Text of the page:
Last year, we mounted a legal challenge against the policy and practice of the Home Office’s Detained Fast Track (DFT) system. We argued it was a fundamentally unfair and flawed process, which created a real risk that many asylum seekers with strong claims for protection are being sent back to face persecution or human rights violations.
Today, we are extremely pleased to announce that, in a landmark ruling, the High Court has found that the way the government operates the Detained Fast Track asylum system is unlawful.
Giving judgement, Mr Justice Ouseley found that “the DFT as operated carries an unacceptably high risk of unfairness.”
Among the numerous deficiencies he outlined in the current Fast Track system, Mr Justice Ouseley found it ‘indefensible’ that asylum-seekers are locked up for an average of a week before they can see a lawyer, when nothing is happening on their cases.
The court also criticised the inadequate screening of asylum-seekers’ suitability for the DFT. It found that failings at various stages of the process meant that survivors of torture, victims of trafficking and other vulnerable people unsuitable for the DFT, were not being adequately identified.
Speaking following the judgement, our Director Jerome Phelps said:
“We are delighted that the High Court has recognised that asylum-seekers are being detained in an unlawful process. It is unfortunate that the government has spent years ignoring such warnings from UN and independent monitoring bodies. This is good news for people in detention facing return to torture, but it is also good news for British justice.”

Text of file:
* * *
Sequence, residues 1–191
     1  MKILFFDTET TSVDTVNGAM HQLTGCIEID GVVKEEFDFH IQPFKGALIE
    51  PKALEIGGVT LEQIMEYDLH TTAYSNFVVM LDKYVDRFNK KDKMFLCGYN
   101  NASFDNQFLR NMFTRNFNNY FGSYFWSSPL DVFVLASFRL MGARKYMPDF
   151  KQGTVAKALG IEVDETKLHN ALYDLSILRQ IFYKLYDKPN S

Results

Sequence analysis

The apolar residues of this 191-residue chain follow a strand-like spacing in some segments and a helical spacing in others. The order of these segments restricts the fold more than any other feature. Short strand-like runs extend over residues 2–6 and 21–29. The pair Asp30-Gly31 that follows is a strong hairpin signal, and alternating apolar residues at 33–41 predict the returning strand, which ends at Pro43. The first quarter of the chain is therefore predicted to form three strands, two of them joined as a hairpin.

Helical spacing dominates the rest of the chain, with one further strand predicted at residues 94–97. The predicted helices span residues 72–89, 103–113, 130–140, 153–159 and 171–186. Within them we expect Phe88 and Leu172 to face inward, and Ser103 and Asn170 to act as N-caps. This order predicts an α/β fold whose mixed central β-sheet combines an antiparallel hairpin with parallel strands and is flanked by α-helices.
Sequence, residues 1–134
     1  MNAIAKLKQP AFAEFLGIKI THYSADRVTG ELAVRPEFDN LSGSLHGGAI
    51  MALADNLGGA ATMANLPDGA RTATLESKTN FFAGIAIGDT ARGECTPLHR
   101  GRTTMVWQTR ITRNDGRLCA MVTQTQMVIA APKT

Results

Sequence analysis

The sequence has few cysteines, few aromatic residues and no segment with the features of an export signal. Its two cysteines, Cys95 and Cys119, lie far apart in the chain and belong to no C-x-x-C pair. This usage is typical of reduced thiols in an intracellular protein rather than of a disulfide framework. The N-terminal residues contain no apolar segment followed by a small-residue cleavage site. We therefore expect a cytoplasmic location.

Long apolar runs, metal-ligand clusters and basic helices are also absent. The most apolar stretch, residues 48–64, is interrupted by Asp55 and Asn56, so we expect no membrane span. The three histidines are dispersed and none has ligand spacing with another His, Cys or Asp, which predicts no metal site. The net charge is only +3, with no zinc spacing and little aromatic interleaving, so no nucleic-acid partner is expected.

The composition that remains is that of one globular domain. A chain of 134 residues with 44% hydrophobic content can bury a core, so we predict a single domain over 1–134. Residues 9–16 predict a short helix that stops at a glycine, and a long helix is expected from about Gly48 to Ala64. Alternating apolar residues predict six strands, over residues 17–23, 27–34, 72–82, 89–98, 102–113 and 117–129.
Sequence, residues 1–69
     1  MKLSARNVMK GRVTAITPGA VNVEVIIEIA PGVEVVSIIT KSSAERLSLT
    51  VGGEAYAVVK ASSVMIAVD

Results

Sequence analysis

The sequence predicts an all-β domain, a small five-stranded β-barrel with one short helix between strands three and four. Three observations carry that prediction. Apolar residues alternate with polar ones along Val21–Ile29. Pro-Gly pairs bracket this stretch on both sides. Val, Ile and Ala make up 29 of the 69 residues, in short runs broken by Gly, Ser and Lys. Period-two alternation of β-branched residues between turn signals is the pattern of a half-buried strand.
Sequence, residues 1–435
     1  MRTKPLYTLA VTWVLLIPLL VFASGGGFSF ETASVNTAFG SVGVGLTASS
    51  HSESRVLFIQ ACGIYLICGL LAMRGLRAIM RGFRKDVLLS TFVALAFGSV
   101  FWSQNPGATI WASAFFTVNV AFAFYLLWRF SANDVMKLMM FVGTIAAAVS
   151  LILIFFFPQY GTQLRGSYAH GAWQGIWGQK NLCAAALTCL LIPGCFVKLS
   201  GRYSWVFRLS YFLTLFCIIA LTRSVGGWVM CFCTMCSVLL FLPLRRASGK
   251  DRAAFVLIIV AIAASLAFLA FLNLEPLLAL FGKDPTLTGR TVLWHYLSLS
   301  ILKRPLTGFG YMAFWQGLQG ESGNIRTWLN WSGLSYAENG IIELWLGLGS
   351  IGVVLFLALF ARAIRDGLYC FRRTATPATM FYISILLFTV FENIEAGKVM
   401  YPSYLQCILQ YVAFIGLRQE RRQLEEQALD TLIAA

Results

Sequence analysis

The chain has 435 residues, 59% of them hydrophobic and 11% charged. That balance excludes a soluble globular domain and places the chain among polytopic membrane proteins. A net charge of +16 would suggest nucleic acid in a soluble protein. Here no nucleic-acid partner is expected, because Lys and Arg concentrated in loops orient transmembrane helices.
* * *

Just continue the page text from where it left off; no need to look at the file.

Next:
Ivo Kuka, a survivor of torture from Cameroon, who was refused asylum on the Detained Fast Track before eventually being recognised as a refugee, said:
“I had less than 24 hours to provide evidence. They were sending me back with a death warrant. I was lucky and I campaigned hard and now I am a refugee. Many more have not been lucky. And justice should not depend on luck. I hope this judgement is the beginning of the end of putting vulnerable people through this unfair process. ”
Reflecting on his own experiences in the Detained Fast Track, Raj, a survivor of torture from Sri Lanka who was released from the Detained Fast Track last month, said:
“The whole DFT process overwhelmed me. The fear of returning to Sri Lanka gave me flashbacks of my torture. No one told me what was going on. It felt like they had decided not to believe me even before we started the interview. It was like a show-trial. They just wanted me out of the room, out of the country, as fast as possible.”
Sonal Ghelani of the Migrants Law Project, the solicitor who acted on behalf of Detention Action, said:
“Serious concerns regarding the operation of this process have been expressed, over a number of years, by respected organisations such as Detention Action and the UN High Commissioner for refugees (UNHCR). The government failed to heed those concerns necessitating legal action by a small charity. The Court has found that the DFT is an unlawful process. The government should now listen to what Detention Action, other charities, lawyers and UNHCR have been saying and consider carefully whether a process of determining claims for protection that involves the expense of detaining people who pose no risk to anyone is necessary.”